If there was anyone ready to embark on her college career, it was me. As I walked into the entryway of my dormitory at Calvin College, I immediately began introducing myself to my new dorm mates. Many of my friends from high school that were also attending Calvin were apprehensive about living apart from their families. I had a twinge of nervousness too, but I always kept it buried at the back of my mind.
September changed to October and those nervous feelings surfaced and grew. Thoughts like these swirled in my brain: “Who are my friends here?” “What if I don’t make any close friends?” “What do people think of me? “Where do I really belong?”
When you pull weeds from a garden daily, the plants are able to flourish. However, when you allow the weeds to grow, they take over the garden. All you are left with is more weeds and choked plants. I tried to ignore those anxious thoughts that swirled around in my brain, but they grew bigger until it seemed that was all that permeated my brain—anxious thoughts. Normal routine activities like eating in the dining hall, going to Sunday night worship, or attending dorm events became terrifying.
What was happening to me? I used to be outgoing, social, and even funny. Now I was overly emotional and clingy. I longed for deep friendships like everyone else seemed to be finding, but I was repelling people away from me.
In January I realized I could not continue in this dark place in my brain. If I did, dropping out of college would be likely. I made the walk to the counseling center on the other side of campus, praying I would not run into anyone I knew. I was broken and ashamed. Yet I was thankful there was a center right on campus and it was free. After several sessions with an amazing counselor, it was confirmed I struggled with anxiety.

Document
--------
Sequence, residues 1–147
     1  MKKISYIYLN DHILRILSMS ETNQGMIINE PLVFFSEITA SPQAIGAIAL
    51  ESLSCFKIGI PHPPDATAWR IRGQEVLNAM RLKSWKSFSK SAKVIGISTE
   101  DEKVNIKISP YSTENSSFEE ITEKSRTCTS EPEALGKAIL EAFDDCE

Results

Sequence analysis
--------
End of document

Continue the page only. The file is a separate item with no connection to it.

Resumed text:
Learning what anxiety was and how my brain interpreted situations was the first step. Every college freshman went through an adjustment period. Some of my feelings of loneliness were normal. It was the panic and fear that was abnormal, and I had to find healthier ways to combat it.
Two years later I attended a cognitive therapy class at a Christian counseling center that gave me more tools to help me sort through all my anxious thoughts. Some of these exercises I still use today. I was able to graduate from college with a degree in youth ministry and work as a youth director until I became a stay-at-home mom.
I am forever thankful to God for leading me to the campus counseling center that January afternoon. I cannot emphasize enough to the young people I work with that dealing with mental health issues earlier will strengthen your adult years. I also am grateful for colleges like Calvin that offer free counseling and have “drop-in hours.” There were many other college students like me that were suffering from depression, anxiety, grieving over loved ones, and suffering from addictions. I am grateful for the help I received. It put years on my life, and I am able to deal with my anxiety today in healthy ways.